|Amor che move il Sole et l'altre Stelle, 1946, Carrington, Lenora
|Leonora Carrington Self-portrait, 1937
|The Horses of Lord Candlestick, 1938, Leonora Carrington--the Ernst effect.
|Portrait of Max Ernst,
1938, Leonora Carrington
|Possible study for Portrait of Dr.
Morales, 1940, Leonora Carrington
As might be expected, despite her "spunky" character, all this was a bit much for a sheltered British girl of just twenty-two. She fled to Spain where she suffered a nervous breakdown and was committed to an asylum. There she was treated with powerful drugs now banned throughout most of today's civilized world. Nonetheless, after some three years, Carrington was released, and with the help of the Surrealist kingpin, Andre Breton, managed to write an autobiographical book titled Down Below. A study for a portrait of her doctor (above, right) dates from the same period. She later ran away from her supervising nurse and sought refuge in the Mexican Embassy in Lisbon, which would explain how she ended up in Mexico.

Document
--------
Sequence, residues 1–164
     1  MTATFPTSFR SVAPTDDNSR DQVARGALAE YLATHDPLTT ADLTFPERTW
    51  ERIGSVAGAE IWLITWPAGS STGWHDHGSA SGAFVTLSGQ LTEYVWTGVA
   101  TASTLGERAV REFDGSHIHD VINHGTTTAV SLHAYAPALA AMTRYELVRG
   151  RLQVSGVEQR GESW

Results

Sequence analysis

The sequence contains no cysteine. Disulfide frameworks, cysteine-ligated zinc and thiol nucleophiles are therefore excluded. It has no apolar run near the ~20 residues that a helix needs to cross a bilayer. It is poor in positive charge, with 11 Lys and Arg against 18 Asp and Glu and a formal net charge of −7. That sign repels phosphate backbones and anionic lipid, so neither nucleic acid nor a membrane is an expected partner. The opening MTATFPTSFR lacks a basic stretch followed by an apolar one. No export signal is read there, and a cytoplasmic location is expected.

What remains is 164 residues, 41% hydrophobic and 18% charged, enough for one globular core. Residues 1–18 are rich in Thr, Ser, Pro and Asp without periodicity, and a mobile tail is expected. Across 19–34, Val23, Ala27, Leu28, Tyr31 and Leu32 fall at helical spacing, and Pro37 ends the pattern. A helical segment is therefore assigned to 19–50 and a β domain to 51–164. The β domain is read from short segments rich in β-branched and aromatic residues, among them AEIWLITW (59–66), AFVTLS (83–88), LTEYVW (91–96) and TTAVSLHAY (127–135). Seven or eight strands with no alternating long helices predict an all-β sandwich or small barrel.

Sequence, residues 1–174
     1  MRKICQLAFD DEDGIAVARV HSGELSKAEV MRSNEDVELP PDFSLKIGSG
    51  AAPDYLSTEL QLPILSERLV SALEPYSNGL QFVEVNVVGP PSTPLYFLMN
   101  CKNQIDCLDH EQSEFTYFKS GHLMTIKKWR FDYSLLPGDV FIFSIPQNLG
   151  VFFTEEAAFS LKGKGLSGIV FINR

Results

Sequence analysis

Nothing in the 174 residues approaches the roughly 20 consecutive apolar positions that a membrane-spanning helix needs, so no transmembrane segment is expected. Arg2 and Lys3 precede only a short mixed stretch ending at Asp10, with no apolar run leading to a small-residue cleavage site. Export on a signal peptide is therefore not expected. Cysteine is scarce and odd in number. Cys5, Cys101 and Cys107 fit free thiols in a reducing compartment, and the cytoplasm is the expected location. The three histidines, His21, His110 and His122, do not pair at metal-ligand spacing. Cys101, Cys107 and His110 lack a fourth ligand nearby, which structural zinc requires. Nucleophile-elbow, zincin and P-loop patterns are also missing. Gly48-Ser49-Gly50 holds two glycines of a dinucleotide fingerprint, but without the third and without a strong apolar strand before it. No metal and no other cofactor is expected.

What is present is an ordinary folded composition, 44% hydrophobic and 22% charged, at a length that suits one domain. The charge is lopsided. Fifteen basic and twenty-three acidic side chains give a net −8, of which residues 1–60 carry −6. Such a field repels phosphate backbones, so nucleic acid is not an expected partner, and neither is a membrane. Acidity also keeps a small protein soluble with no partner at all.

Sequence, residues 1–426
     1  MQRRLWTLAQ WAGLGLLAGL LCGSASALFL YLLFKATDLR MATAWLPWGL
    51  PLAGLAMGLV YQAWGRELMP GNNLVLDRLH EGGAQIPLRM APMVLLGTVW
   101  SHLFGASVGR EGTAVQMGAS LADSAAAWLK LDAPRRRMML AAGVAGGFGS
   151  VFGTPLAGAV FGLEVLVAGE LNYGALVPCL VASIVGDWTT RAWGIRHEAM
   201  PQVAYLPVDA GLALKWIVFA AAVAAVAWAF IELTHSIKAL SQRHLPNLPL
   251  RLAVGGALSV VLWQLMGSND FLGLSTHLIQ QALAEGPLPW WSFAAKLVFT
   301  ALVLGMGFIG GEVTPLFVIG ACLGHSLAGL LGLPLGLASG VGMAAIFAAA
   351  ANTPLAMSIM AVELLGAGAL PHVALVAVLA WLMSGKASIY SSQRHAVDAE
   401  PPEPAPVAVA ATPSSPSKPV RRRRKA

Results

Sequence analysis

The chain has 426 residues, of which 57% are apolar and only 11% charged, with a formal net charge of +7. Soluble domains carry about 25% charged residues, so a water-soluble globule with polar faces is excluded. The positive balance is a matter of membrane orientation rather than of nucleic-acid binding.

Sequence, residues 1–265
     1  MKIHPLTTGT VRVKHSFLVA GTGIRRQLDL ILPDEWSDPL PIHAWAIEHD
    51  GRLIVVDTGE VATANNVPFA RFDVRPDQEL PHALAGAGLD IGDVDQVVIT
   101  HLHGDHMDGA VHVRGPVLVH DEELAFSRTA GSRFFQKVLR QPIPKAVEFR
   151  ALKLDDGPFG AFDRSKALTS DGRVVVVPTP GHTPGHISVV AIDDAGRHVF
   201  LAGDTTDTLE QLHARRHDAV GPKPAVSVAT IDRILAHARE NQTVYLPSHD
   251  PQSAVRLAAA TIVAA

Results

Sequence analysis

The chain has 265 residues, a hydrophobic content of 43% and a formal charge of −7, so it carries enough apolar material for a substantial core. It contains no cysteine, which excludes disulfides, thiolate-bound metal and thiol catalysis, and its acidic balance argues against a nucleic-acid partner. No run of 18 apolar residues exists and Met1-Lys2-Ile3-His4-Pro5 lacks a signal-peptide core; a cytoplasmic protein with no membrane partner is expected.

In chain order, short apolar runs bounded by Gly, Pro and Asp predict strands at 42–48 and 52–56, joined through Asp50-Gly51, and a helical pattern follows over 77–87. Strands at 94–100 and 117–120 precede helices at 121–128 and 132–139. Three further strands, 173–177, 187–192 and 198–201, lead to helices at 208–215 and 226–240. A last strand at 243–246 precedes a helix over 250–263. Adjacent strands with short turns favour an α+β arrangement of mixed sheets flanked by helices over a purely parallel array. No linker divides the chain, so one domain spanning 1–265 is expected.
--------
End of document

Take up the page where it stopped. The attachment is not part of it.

|Daughter of the Minotaur, 1953, Leonora Carrington
|The Monks, Leonora Carrington